It was Eleanor Roosevelt who said, “No one can make you feel inferior without your consent.” I remember my husband saying the same thing to me once: You give your power away; no one can take it from you. When we take other people’s word as the rule of law, when we concede without question, when we let others define us, we make ourselves inferior. We are giving our power away to other people. The same is true for shame.
On this topic, Anne Wilson Schaef writes:
“Shame is a learned response. There is a lot of interest in shame these days in relation to addiction and recovery from addiction. When we start feeling shameful, we leave ourselves and operate much like someone on drugs or alcohol. Nothing clear can get in. Nothing clear can come out.
It is important to remember that shame is learned and that anything that is learned can be unlearned. Shame was used to control us when we were younger, and now we often use it to control others. When we start feeling ashamed, no new information can come in, we cannot process information clearly, and we cannot communicate clearly. We are in our addictive disease.”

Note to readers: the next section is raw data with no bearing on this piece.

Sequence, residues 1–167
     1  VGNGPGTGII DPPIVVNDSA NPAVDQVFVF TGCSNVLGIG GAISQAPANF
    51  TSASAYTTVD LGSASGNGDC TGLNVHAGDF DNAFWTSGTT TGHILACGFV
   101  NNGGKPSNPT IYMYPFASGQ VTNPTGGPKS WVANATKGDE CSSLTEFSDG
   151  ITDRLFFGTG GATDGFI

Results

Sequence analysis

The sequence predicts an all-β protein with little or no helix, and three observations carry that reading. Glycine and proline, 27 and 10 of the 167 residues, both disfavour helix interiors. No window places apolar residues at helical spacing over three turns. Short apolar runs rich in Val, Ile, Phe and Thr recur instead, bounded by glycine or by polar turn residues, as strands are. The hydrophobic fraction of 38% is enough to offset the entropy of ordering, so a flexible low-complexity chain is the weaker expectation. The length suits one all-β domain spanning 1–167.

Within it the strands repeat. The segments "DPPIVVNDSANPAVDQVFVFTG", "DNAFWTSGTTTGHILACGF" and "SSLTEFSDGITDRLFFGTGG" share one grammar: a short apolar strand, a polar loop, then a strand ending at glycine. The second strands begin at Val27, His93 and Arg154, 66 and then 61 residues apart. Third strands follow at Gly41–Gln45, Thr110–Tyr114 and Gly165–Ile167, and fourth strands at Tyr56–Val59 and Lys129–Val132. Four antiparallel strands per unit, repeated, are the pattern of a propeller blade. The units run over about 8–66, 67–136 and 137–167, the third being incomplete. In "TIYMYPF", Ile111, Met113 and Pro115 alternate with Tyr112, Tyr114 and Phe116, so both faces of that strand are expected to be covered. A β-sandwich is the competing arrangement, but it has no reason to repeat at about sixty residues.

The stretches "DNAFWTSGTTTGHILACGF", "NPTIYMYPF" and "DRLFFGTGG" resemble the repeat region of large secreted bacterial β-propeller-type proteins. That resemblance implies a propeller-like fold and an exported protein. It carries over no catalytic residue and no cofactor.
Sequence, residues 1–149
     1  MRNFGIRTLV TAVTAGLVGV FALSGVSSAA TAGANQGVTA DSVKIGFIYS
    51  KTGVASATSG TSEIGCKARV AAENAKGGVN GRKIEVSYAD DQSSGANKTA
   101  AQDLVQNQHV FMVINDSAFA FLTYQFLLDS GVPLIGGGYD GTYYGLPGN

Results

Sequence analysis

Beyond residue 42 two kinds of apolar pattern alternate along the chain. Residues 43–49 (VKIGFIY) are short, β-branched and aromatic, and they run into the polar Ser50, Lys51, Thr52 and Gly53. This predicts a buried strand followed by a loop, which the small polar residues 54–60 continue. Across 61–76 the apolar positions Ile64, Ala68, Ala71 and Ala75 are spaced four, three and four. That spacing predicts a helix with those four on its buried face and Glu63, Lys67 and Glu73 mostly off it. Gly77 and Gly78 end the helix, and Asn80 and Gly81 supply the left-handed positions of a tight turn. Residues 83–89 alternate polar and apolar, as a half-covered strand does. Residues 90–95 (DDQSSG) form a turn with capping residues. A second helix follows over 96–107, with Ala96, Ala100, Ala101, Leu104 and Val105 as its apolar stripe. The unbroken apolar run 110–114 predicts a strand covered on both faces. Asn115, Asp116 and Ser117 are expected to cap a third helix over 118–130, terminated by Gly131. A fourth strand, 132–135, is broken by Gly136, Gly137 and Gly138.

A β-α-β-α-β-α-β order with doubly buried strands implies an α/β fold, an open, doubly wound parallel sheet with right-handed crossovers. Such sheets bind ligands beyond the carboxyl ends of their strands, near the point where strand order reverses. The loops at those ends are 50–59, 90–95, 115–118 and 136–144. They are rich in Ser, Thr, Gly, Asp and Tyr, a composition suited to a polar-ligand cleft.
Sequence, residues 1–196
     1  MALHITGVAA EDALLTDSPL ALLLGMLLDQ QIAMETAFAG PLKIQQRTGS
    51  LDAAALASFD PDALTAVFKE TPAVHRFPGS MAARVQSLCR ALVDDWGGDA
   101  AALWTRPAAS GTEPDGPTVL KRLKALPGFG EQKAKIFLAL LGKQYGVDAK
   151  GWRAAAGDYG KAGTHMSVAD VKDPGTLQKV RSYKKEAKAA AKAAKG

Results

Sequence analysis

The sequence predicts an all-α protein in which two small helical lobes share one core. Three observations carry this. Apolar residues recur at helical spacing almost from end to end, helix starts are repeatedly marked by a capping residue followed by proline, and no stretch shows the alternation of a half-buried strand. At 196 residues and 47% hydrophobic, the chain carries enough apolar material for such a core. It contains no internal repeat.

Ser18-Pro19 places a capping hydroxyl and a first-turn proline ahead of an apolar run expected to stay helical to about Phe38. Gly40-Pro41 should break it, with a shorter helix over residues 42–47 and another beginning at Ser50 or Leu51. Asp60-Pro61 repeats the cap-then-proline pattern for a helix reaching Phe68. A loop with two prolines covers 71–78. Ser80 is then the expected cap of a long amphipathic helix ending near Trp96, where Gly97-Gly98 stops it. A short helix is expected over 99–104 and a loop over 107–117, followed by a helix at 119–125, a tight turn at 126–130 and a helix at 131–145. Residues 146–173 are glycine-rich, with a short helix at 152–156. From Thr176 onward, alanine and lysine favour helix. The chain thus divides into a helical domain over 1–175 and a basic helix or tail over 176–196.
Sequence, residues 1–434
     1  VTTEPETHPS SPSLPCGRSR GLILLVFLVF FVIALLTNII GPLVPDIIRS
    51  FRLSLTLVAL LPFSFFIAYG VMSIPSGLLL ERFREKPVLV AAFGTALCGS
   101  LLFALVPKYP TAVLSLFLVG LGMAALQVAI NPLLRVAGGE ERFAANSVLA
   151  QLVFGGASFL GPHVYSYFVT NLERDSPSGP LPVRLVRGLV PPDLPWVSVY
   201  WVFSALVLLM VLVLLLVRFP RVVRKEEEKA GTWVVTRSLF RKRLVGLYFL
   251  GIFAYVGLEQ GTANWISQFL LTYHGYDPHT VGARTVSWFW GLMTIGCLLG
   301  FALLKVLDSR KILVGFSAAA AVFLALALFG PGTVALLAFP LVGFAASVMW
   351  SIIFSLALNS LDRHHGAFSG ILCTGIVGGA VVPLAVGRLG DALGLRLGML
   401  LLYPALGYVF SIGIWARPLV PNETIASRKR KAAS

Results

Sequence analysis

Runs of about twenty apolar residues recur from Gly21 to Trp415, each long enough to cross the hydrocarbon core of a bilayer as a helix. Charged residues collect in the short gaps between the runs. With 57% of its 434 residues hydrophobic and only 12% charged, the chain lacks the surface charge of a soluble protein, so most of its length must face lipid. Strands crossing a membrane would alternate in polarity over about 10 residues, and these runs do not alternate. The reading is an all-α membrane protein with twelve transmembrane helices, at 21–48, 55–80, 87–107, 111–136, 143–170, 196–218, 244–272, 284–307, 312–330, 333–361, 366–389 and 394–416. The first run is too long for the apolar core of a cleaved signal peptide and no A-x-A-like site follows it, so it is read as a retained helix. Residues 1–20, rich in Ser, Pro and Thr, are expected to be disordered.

It’s true that shame halts our thought processes. When I feel ashamed, all I can think about is how I am terrible, a failure, a waste of a person. How cruel we can be to ourselves! We can’t possibly think about anything else, let alone think rationally or logically when we feel shame. Much like inferiority though, no one can make us feel shamed without our consent. To feel shame is to feel inferior, after all.
Never before have I stopped to consider the relationship between shame and addiction. I always recognized that I was ashamed. I feel inferior for being addicted to and struggling with things other people can partake in reasonably and enjoy in moderation. It is a cyclical relationship, however. We feel ashamed of our behavior, our lack of control, and our addiction, which in turn shuts our reasoning and thought processes down, preventing us from thinking clearly. This leads us to turn to our addictions to feel better, and the cycle continues. When we realize the role our relationship to shame plays in our addiction, we can break the cycle and free ourselves.